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Women for Hire

By Tory Johnson

Tory Johnson is CEO of Women For Hire.

Founding Women for Hire

My career began with communications positions at ABC News, NBC News and Nickelodeon, where I helped promote the work of network superstars like Barbara Walters, Jane Pauley and Maria Shriver.

After several years of that, I decided to turn my attention to a group of people who I thought could benefit from my hard work a whole lot more: young women entering the workplace.

I founded Women For Hire in July 1999 for two reasons. The first was to give bright young women from all colleges and universities (not just the biggest ones) who are serious about professional careers a place exclusively for them to feel comfortable and confident while meeting face-to-face with top recruiters. In essence, giving them that foot-in-the-door.

I also wanted to offer leading employers the opportunity to meet in one place with a diverse group of terrific female candidates, including college seniors, grad students and women with up to about five years of experience.

At first, it was just me--in the corner of my Manhattan bedroom, cold-calling college recruiters at major companies I wanted to target for participation. I recruited my own army of volunteers--my mom, my husband, a dear old aunt and even my 76-year-old father-in-law--to help me plan and execute our first two events. (Never underestimate your family: mine came through for me at a time when I needed them most. Even my three kids were wildly helpful.)

The Idea

How'd I get the idea? About a year ago, I was hanging out with my brother David's college friends, many of whom were women. This was right before their senior year of college at NYU. I expected tremendous excitement and enthusiasm about finishing up and getting out on their own.

Instead, I learned they were most anxious about how they'd land jobs.

These were smart, sophisticated women: no lack of egos among this group. They were genuinely concerned about their ability to get in front of employers, to beat the competition and to begin their careers.

Women for Hire Career Fairs

They now have a place of their own--career fairs in several United State cities held throughout the year.

An amazing roster of leading companies in nearly every line of business will participate. (Since the participants vary in each market, please check our website at Women for Hire for a complete list of companies and their job descriptions.)

The media also picked up quickly on the Women For Hire concept. We were featured twice on NBC's Today show, among other coverage, which led to an overwhelming national response from women asking how they could tap into our services.

One thing that's critical when looking for a job is maintaining and exuding self-confidence. Really being your best. I think women appreciate an environment that’s supportive of them and conducive to making them feel their best while learning about career opportunities and interviewing for jobs. Women For Hire events also level the playing field for lots of amazing women--regardless of the school they attended.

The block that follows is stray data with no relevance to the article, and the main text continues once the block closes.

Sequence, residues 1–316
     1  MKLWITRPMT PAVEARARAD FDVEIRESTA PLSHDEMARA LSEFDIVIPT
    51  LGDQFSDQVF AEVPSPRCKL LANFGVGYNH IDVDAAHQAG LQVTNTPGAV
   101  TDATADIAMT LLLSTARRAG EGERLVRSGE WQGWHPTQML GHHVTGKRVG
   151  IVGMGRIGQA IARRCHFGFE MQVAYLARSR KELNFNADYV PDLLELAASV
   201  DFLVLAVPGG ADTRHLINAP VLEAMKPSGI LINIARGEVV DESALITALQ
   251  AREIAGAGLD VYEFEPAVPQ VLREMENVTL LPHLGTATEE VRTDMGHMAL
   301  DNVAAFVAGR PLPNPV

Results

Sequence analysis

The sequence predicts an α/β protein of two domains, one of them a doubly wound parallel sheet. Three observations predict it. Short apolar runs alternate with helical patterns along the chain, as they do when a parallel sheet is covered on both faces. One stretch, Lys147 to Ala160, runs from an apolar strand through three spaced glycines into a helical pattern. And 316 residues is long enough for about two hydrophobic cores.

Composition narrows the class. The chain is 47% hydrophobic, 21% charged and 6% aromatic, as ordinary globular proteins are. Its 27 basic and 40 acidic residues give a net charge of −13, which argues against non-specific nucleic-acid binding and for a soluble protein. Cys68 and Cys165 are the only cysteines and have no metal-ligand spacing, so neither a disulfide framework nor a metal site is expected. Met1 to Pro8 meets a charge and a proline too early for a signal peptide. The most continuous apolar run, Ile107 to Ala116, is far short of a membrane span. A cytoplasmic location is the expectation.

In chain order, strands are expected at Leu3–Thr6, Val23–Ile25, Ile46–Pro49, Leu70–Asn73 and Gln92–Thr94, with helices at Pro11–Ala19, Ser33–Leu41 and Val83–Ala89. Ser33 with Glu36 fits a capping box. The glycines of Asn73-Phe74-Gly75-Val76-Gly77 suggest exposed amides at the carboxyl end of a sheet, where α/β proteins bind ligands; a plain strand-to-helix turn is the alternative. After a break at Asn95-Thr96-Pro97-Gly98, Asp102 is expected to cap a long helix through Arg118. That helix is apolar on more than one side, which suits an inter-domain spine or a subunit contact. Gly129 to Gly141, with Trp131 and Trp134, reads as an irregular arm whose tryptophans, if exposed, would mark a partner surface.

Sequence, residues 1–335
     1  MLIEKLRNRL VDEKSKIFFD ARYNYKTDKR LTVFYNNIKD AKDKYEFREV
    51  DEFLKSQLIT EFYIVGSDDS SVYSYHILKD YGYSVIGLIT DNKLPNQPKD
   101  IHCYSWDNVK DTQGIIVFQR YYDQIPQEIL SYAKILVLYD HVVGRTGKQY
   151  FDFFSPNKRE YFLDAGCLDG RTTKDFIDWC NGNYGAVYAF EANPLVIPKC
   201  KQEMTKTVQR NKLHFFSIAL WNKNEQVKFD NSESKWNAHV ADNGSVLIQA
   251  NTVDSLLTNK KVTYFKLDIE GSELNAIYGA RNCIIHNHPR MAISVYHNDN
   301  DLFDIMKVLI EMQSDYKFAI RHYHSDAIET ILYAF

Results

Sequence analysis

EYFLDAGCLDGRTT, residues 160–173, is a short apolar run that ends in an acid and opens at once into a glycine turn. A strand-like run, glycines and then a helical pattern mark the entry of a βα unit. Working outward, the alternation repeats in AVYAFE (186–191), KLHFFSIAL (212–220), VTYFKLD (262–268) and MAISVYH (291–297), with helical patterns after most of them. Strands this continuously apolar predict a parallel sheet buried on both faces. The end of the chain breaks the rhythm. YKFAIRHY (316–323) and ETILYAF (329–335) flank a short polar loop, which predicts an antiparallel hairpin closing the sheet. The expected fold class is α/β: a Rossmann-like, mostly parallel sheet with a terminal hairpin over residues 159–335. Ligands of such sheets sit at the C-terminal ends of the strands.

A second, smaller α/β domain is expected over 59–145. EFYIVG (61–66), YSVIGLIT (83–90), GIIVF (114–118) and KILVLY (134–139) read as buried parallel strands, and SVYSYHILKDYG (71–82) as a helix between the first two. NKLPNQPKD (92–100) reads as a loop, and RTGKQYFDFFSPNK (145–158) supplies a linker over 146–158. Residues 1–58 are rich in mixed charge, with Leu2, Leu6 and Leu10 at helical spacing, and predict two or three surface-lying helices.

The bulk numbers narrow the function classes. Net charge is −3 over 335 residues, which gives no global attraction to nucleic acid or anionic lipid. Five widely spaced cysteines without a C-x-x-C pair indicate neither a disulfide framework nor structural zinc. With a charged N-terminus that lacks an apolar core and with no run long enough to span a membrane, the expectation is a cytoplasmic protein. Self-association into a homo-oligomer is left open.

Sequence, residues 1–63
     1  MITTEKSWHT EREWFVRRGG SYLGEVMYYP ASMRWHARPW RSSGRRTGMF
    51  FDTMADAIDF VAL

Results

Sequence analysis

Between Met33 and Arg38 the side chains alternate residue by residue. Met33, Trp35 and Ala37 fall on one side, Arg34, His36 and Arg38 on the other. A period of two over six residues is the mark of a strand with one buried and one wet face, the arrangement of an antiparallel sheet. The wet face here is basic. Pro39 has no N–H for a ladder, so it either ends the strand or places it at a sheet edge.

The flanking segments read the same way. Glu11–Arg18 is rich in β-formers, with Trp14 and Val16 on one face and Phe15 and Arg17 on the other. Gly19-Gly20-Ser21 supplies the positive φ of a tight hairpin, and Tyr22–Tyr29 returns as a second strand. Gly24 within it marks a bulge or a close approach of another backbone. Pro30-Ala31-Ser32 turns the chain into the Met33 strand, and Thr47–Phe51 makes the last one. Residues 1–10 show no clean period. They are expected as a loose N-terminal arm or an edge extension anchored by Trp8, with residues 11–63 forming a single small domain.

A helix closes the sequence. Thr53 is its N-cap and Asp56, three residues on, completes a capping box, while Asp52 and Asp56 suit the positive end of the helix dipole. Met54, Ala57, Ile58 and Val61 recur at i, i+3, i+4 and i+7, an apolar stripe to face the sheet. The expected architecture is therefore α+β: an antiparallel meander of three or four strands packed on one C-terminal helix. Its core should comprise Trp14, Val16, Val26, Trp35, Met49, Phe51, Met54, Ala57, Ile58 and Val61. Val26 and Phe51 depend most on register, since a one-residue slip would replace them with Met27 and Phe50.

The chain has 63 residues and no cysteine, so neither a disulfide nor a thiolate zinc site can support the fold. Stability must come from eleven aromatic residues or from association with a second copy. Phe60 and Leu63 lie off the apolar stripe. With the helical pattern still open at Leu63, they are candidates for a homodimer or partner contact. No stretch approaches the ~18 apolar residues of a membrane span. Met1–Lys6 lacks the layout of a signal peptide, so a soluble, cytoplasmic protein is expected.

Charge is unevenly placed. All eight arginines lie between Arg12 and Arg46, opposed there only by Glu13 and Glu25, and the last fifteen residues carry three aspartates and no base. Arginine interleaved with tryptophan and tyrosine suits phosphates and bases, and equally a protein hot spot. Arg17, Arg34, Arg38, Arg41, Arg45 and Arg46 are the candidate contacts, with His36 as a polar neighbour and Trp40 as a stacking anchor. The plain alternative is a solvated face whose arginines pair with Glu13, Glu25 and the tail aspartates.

On the side of employers, we know one of the greatest challenges is finding truly qualified candidates in a time-efficient and cost-effective manner, especially in such a competitive environment. We’re very successful on this front.

The Importance of Real World Interaction

While the Internet will clearly play a more important role in recruiting in the future, it's impossible to underestimate the value and importance of "real world" interaction. While technology seems more amazing every day, the best employers don't rely exclusively on online services for recruiting. It's just one piece of their overall program.

Why Job Fairs Work

Employers and candidates are out to develop lasting relationships. And all relationships demand personal contact and interaction. That's why job fairs work.

Furthermore, diversity is not a cyclical issue or a meaningless buzzword. It's a necessity that makes good business sense, and most companies wrestle with it. We help employers fulfill their important diversity goals.

My professional goals are still a work in progress, and I’m proud of what we’ve accomplished. We’ve now got a great office with a fabulous team that’s committed to producing the best career fairs.

Nothing's more rewarding than getting an email from a young woman who attended one of our events thanking us for helping to jumpstart her career. We also get great feedback from those who don't land jobs, but who say it was worth the experience because it improved their networking skills, which is invaluable.

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